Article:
Oxley watched him attentively, fingers interlaced across his chest. "So his eyes are always oversensitive, now? Or has the pattern repeated itself - a change in his vision before an episode, then an increase in sensitivity afterwards?"

"There's a pattern." He'd said as much to Krantz, for all the good that it had done. "Sometimes we can tell when he's about to have another one, because everything starts going dark on him. Scares him silly." Me, too. "Now I think about it, the first night I got here, I found him wandering around, very confused, and when I got him back to his room, he'd got every lamp turned up as bright as it'd go, the ones in here and out in his little parlour, too."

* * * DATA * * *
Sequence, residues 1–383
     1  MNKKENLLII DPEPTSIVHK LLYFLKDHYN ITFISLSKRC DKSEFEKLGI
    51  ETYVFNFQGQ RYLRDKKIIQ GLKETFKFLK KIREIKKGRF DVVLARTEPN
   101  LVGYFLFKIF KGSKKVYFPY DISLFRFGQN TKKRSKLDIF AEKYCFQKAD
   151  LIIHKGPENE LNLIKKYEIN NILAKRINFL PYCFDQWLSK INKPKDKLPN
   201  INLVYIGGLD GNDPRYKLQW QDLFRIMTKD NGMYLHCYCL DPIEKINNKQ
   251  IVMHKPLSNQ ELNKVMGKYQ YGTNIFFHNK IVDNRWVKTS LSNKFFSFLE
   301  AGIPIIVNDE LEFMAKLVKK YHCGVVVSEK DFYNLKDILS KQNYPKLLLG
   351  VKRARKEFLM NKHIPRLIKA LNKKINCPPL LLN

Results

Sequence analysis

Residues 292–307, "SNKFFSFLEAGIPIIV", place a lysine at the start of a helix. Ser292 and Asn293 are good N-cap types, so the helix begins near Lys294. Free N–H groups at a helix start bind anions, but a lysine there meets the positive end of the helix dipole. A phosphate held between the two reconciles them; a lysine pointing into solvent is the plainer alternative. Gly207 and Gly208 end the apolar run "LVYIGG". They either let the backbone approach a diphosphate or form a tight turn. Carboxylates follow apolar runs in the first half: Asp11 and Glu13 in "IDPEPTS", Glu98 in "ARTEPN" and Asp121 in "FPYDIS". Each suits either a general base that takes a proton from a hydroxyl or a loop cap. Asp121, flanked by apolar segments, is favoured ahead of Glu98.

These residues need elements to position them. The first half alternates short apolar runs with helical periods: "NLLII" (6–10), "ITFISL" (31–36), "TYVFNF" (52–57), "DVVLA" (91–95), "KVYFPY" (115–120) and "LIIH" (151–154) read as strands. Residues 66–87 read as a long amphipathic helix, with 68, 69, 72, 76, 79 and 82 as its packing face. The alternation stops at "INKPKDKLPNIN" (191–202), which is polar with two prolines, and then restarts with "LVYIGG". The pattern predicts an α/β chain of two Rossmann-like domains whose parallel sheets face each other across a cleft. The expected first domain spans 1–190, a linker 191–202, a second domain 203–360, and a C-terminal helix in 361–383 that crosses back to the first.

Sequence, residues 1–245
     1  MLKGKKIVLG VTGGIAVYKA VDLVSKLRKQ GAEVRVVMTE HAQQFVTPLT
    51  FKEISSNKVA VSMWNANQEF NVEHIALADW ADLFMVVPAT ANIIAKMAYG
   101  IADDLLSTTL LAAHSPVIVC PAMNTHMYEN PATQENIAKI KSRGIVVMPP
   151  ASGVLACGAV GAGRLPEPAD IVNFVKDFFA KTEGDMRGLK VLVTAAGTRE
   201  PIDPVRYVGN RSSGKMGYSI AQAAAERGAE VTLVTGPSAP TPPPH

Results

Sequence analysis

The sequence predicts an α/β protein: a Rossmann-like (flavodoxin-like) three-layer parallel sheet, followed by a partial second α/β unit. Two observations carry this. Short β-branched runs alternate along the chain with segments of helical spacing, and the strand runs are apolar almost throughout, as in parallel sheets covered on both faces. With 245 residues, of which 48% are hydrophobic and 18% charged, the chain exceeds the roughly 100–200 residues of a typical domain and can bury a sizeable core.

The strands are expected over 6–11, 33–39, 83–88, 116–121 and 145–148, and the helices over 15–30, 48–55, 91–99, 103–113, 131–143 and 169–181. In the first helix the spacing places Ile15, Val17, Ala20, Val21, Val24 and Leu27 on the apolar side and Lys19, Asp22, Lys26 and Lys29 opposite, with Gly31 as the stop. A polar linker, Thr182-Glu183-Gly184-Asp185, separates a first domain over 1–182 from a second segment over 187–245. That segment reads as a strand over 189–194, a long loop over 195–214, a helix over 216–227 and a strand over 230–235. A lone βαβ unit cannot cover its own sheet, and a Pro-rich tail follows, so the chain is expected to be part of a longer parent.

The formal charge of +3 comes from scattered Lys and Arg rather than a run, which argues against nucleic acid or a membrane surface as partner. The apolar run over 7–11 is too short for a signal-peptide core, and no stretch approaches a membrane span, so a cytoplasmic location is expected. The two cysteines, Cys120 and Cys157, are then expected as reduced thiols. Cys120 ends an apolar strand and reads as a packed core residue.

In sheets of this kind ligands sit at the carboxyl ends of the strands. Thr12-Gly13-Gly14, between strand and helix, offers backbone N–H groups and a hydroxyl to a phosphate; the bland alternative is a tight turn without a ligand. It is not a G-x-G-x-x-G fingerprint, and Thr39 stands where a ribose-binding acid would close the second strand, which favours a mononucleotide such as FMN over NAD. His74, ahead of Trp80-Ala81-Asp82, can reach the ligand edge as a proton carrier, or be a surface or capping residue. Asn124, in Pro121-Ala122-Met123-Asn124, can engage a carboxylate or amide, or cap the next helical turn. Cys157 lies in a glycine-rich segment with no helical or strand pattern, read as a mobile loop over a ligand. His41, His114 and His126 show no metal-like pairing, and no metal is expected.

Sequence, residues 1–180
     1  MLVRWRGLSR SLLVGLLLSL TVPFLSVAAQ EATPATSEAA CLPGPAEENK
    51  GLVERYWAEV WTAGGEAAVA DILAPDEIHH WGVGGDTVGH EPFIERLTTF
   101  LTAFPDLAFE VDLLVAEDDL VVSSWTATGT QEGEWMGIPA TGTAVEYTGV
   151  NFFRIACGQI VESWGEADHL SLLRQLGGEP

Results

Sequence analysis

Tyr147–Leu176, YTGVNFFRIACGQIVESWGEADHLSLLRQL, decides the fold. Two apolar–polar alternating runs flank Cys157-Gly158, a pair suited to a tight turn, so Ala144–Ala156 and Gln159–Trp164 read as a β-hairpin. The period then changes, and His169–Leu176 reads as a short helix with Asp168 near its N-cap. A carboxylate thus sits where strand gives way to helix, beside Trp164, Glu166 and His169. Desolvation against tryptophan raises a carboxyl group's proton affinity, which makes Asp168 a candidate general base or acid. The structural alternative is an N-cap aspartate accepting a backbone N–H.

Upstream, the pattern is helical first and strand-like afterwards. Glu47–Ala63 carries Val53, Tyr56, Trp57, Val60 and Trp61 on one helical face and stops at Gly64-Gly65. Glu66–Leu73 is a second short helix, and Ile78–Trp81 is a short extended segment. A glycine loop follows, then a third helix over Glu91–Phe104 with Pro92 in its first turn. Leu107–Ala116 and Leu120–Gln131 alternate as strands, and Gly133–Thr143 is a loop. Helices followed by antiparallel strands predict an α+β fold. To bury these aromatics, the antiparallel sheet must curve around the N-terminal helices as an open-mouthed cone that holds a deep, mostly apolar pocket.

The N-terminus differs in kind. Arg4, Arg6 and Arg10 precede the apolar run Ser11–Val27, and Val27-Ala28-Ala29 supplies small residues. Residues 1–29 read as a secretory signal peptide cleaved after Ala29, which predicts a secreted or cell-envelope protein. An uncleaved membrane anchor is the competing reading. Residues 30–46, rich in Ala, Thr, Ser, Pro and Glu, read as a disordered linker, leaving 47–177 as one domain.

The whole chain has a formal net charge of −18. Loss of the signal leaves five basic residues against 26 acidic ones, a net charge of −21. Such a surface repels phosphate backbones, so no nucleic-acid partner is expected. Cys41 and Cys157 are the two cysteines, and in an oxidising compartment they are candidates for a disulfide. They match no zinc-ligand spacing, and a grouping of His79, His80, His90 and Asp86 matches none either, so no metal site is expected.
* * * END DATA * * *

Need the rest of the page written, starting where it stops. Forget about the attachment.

"That's very helpful." Oxley made no move to write anything down, however. Instead, he continued to regard Wyatt with frank interest. "What about his speech - his use of language? Krantz mentions odd speech patterns, that Ambrose sometimes repeats himself, but doesn't seem aware of this."

"Yeah. I told him about that when we first met, though. Pally-something."

"Palilalia." The doctor nodded. "And this started happening with the seizures?"

"No, that's just Glitch. Ambrose." Wyatt smiled at Oxley's nonplussed expression. "Glitch is his nickname, because of the way his brain works." And it was curious, but he didn't feel the same defensive pang telling this to Oxley as he had when explaining it to Krantz. "His speech is fine, except if he wakes up just after a seizure, and then it's slurred. But his memory is bad - real bad. He forgot a lot of things after he was headcased, but since he's been...unwell, he's forgotten a lot more. He remembers my name, but I don't think he really knows who I am, and the same goes for everyone else here."